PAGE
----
Jesse Michael Nix / FLICKR - HTTP://J.MP/1SPGCL0

 

If you've ever lost a loved one, you know that the grief is almost unbearable. 

 

But imagine a scam that makes money off your loved one's estate on top of that. 

 

Stuart Rankin / Flickr - http://j.mp/1SPGCl0

President Trump is spending today in Puerto Rico, getting a first-hand look at the destruction wrought by Hurricane Maria, and meeting with storm victims and first responders.

Meanwhile, Puerto Ricans living here in Michigan continue to worry about family and friends back on the island.

Lester Graham / Michigan Radio

Detroit might not be ready for the wave of baby boomers who are aging. The oldest baby boomers are now 71. The youngest are 53. Right now in Detroit, many seniors rely on informal networks of neighbors, family, or friends.

In Detroit, 41 percent of people over 60 live alone according to a report by Data Driven Detroit based on 2010 Census data.

That’s the case with Ida Brown, 87, who lives in a house in the MorningSide neighborhood of Detroit.

Although she has lived there three years, she really hasn’t gotten to know her neighbors.

Join Michigan Radio’s Stateside host Cynthia Canty for a fabulous tour of Ireland in June, 2018.

Cynthia has enjoyed a life-long love affair with Ireland. It began when she spent her junior year of college at University College Cork. There she met Cork City local Sean Canty…and the two have been married 41 years. Cynthia has made dozens of trips back to Ireland through the years, and has come to know Ireland intimately. She looks forward to sharing “her” Ireland with Michigan Radio listeners!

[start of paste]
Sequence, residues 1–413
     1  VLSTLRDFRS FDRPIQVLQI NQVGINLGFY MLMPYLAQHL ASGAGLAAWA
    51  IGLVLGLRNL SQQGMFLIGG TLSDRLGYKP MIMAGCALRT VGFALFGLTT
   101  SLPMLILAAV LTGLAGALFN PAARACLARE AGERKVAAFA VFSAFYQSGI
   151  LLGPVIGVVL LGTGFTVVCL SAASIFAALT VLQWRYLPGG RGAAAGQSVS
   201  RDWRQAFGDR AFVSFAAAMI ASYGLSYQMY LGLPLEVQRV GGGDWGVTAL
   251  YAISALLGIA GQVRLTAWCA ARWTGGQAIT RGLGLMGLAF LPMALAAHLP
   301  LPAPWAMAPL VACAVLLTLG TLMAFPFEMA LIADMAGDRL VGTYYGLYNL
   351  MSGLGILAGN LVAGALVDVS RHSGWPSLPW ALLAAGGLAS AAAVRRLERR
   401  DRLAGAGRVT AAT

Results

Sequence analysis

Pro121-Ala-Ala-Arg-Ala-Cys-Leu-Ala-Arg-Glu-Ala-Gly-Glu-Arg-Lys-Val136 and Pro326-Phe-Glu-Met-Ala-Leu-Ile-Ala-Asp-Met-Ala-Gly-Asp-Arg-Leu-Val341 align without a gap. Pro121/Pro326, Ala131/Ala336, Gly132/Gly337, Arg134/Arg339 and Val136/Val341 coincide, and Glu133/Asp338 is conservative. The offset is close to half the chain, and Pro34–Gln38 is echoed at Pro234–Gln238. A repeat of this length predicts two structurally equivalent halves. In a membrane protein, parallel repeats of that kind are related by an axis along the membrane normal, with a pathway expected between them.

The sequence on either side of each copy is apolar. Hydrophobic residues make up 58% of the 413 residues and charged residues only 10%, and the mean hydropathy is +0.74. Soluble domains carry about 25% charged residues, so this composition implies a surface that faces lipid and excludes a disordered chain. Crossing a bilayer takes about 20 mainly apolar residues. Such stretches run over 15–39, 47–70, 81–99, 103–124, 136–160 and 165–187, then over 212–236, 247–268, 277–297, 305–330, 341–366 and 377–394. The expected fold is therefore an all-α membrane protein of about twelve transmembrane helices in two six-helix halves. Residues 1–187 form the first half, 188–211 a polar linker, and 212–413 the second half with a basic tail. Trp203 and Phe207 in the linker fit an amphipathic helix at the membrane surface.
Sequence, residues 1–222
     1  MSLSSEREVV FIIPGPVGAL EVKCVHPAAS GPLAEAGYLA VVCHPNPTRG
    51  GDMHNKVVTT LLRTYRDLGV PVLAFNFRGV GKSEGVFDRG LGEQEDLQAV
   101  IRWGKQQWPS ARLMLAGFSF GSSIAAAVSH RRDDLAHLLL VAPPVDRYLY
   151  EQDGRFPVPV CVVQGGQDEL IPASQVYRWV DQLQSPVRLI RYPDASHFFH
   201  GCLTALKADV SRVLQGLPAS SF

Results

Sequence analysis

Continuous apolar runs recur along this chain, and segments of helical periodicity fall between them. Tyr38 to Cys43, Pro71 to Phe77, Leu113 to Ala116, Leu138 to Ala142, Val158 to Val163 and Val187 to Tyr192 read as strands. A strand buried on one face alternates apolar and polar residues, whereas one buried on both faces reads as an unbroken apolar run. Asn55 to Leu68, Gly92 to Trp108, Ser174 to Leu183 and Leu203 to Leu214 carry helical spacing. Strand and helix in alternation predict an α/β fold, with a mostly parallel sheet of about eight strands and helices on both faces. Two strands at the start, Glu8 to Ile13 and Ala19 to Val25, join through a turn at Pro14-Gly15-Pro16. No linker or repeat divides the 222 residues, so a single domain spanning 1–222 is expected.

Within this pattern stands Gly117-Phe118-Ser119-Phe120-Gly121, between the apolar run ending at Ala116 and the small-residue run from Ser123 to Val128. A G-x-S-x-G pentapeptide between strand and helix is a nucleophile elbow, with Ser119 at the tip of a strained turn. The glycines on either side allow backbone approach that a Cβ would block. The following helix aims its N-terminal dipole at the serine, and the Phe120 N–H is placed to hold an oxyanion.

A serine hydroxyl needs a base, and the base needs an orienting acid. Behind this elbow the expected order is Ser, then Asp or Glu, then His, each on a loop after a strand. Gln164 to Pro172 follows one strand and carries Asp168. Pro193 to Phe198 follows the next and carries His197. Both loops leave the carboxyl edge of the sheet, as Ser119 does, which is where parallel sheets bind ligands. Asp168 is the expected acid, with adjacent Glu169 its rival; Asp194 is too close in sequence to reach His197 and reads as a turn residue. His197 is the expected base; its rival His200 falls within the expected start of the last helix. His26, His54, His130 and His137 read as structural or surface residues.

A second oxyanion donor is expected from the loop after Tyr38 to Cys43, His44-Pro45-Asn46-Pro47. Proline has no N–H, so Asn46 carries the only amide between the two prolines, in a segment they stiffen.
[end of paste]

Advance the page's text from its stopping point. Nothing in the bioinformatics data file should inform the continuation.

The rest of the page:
On this trip, you’ll visit Ireland’s vibrant capital city-Dublin, experience the Ring of Kerry, overnight on the grounds of a regal castle, enjoy hearty Irish meals…and of course, kiss the famed Blarney Stone. That’s just to name a few of the great experiences that await you.

For pricing, itinerary and to sign up, click here. 

Practical Cures / FLICKR - HTTP://J.MP/1SPGCL0

One of the very top mental health concerns in this country is anxiety. It’s sometimes hard to be clear about what anxiety is and how to recognize it, especially in children, but identifying a mental health issue like anxiety early on can make a huge difference for a child’s future success.